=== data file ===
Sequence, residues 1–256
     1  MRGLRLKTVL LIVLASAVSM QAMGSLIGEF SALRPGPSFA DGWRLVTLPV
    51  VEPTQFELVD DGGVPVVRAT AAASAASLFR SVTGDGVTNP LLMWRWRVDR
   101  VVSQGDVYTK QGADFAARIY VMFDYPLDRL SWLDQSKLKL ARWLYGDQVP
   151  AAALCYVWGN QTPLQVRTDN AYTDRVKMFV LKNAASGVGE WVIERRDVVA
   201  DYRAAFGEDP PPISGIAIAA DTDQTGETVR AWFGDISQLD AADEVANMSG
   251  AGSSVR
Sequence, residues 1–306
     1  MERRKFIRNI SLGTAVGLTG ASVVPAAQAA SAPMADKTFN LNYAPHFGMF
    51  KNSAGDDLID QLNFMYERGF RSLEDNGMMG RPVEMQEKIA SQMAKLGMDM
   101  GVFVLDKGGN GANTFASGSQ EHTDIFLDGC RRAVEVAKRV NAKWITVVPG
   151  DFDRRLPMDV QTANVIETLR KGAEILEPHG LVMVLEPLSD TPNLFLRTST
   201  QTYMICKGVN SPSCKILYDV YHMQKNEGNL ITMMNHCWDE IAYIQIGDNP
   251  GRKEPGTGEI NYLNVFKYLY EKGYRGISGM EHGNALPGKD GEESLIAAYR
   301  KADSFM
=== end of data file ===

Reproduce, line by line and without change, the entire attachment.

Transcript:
Sequence, residues 1–256
     1  MRGLRLKTVL LIVLASAVSM QAMGSLIGEF SALRPGPSFA DGWRLVTLPV
    51  VEPTQFELVD DGGVPVVRAT AAASAASLFR SVTGDGVTNP LLMWRWRVDR
   101  VVSQGDVYTK QGADFAARIY VMFDYPLDRL SWLDQSKLKL ARWLYGDQVP
   151  AAALCYVWGN QTPLQVRTDN AYTDRVKMFV LKNAASGVGE WVIERRDVVA
   201  DYRAAFGEDP PPISGIAIAA DTDQTGETVR AWFGDISQLD AADEVANMSG
   251  AGSSVR
Sequence, residues 1–306
     1  MERRKFIRNI SLGTAVGLTG ASVVPAAQAA SAPMADKTFN LNYAPHFGMF
    51  KNSAGDDLID QLNFMYERGF RSLEDNGMMG RPVEMQEKIA SQMAKLGMDM
   101  GVFVLDKGGN GANTFASGSQ EHTDIFLDGC RRAVEVAKRV NAKWITVVPG
   151  DFDRRLPMDV QTANVIETLR KGAEILEPHG LVMVLEPLSD TPNLFLRTST
   201  QTYMICKGVN SPSCKILYDV YHMQKNEGNL ITMMNHCWDE IAYIQIGDNP
   251  GRKEPGTGEI NYLNVFKYLY EKGYRGISGM EHGNALPGKD GEESLIAAYR
   301  KADSFM